As 2009 draws to a close, I’ve noticed a proliferation of annual surveys. Two, in particular – one by The National Law Journal (NLJ) and the other by Law360 – captured my attention because they’re focused on the number of women partners at law firms. The survey results were a mixed bag. While the number of women partners rose slightly in 2009, only 18.47 percent of all partners are women, according to the NLJ. In the article “Women Still Number Too Few in Partner Ranks,” Law360 expressed concern that while women make up approximately half of law school graduating classes, many women are “leaking out” of the pipeline, whether due to family reasons or unfair stereotypes. However, Law360 also pointed out that some corporate clients are applying pressure on law firms to become more diverse, which will benefit women attorneys.
I am proud to be a member (partner) of a law firm that has a long history of hiring, retaining and promoting to firm governance talented women attorneys, when other firms might have turned them away primarily because of their gender. I am not at all surprised that my firm, EpsteinBeckerGreen, ranked among the Top 20 law firms for the high representation of women among its partners in the NLJ and Law360 surveys or that, earlier this year, The American Lawyer conducted its first “Women in Law Firms” study and ranked my firm 8th in the nation among all of the 200 largest firms for its percentage of women attorneys and among the top 10 firms with the highest percentage of women partners.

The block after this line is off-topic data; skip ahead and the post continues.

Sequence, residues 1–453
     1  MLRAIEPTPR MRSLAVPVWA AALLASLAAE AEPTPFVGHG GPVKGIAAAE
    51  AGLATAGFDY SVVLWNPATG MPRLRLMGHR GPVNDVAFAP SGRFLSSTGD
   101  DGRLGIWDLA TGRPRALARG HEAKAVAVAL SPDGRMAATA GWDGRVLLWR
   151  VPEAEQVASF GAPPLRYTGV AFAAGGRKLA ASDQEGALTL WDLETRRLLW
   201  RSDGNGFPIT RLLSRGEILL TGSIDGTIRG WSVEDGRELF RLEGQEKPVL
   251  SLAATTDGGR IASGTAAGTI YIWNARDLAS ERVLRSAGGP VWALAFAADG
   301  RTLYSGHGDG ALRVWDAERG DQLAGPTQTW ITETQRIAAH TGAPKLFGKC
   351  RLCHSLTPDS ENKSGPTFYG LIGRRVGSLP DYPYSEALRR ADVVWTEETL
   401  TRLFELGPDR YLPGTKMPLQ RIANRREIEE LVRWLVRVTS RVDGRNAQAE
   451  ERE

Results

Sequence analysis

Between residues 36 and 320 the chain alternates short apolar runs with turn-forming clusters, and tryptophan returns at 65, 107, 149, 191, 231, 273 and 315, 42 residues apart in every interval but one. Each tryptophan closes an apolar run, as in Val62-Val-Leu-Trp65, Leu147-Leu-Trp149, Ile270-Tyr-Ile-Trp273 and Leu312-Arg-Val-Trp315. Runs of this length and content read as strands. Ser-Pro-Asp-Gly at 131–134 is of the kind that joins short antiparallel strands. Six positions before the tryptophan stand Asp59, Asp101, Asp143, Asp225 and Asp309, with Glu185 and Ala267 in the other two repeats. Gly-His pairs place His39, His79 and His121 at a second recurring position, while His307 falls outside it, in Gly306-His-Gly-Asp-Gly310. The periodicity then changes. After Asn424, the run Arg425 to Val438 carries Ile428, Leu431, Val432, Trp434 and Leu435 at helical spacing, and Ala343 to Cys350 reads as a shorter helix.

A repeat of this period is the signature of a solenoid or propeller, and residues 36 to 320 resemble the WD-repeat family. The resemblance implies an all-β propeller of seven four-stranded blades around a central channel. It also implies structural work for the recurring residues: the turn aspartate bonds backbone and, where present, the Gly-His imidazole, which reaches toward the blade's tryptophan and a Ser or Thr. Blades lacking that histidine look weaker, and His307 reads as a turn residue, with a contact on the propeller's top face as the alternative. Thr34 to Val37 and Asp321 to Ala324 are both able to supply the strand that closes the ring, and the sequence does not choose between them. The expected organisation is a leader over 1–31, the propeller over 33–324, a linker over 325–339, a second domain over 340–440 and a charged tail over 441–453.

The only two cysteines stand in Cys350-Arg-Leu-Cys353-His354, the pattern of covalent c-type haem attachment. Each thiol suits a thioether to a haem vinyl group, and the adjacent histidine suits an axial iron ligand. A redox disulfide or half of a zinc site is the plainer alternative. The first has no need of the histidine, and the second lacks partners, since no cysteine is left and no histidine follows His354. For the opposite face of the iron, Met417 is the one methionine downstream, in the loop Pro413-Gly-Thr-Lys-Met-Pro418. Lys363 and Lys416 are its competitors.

While I am pleased and honored with these rankings, I am confident that my firm will continue to attract and promote qualified women. This difficult economic environment provides opportunities, as well as challenges. There are qualified women attorneys with varied experience and skill sets that have been outsized from firms and/or corporate legal positions and this is a great time to identify great talent!!
How does your firm rank in the NLJ and Law360 surveys? Is your firm taking any special steps to beef up its number of women partners and include them in decision-making roles within firm governance?